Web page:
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Expungement of Criminal Records Vs. Pardoning: What’s the Difference?

The legal world can be full of legalese and terms that no one outside of a legal profession would understand. However, there is a good chance that you have heard of expunging and pardoning. Even still, you are probably having a hard time finding the difference between the two. The truth is that there are many differences. In fact, they are almost two completely different legal methods of removing or wiping clean a criminal record or removing yourself from incarceration. Indeed, a lot of people convicted of a crime that they perhaps didn’t commit would be glad to have either. Although, understanding the difference between the two is important if you want to have a conversation with your lawyer about applying for either an expungement or a pardon. Here are some of the differences between an expungement and a pardon.

First of all, an expungement works by literally wiping clean your criminal record. With an expungement, your records are also destroyed so that you that you don’t have any criminal status in your permanent file. This legal measure is usually reserved for extremely minor offenses, like low priority misdemeanors and non-violent felonies. It is not reserved for individuals who have committed serious crimes.

When you want to apply for an expungement, you will usually work with a specialized lawyer who specializes in these types of cases. For instance, if you were convicted of a minor crime in Texas, you may want to look for an Austin expungement lawyer. Your lawyer will usually file your papers for you and then a court date may be set where you and your counsel can discuss your case in front of a judge. Ultimately, the court will decide to expunge or not.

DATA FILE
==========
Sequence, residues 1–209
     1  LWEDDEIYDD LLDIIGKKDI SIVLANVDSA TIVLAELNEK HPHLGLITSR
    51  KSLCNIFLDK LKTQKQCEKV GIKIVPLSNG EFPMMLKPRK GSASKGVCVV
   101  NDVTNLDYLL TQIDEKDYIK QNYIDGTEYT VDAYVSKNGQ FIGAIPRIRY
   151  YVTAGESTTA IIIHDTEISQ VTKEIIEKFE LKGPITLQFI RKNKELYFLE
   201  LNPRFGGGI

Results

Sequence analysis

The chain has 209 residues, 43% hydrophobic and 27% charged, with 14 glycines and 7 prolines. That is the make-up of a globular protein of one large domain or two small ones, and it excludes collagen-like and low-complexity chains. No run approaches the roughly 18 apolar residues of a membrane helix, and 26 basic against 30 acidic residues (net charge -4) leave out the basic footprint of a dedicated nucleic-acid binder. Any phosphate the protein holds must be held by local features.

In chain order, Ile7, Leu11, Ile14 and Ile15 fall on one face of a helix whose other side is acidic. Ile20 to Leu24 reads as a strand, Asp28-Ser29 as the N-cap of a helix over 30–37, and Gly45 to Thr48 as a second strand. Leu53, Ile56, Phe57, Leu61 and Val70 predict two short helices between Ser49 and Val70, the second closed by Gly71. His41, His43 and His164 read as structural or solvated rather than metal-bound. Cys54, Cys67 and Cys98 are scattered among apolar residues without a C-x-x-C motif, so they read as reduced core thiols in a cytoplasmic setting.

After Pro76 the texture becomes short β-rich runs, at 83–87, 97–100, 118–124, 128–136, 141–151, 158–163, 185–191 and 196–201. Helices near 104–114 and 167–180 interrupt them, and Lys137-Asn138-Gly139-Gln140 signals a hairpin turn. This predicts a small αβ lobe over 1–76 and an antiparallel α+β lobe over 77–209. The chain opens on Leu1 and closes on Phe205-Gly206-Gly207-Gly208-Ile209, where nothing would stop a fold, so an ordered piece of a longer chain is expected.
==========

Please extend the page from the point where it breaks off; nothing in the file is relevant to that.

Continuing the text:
On to pardons – a pardon is a legal measure that removes a person from the consequences of a crime. For instance, if you are in jail and get a pardon, you are allowed to leave. If you are on probation, you are effectively released from supervision. When it comes to pardons, they are extremely hard to get and you must go through an intensive appeals process. Plus, pardons differ from expungement because when you are pardoned by your state, you are still required to maintain convict status. Meaning, you will still have a criminal record for as long as you live, especially if you were pardoned from a serious felony.

Lastly, there are only so many avenues to get a pardon. Usually, a parole board will oversee your case and will determine whether you should be granted pardon status. They will look at your behavior while incarcerated and a number of other factors to deem whether or not it would be in society’s best interest to have you released. You may also get a pardon if you are cleared of your crime by some later evidence that states the fact. In some extreme circumstances, you may also get a presidential pardon, especially if you were committed for past political crimes. In the end, you can usually differentiate a pardon from an expungement by the seriousness of the crime.

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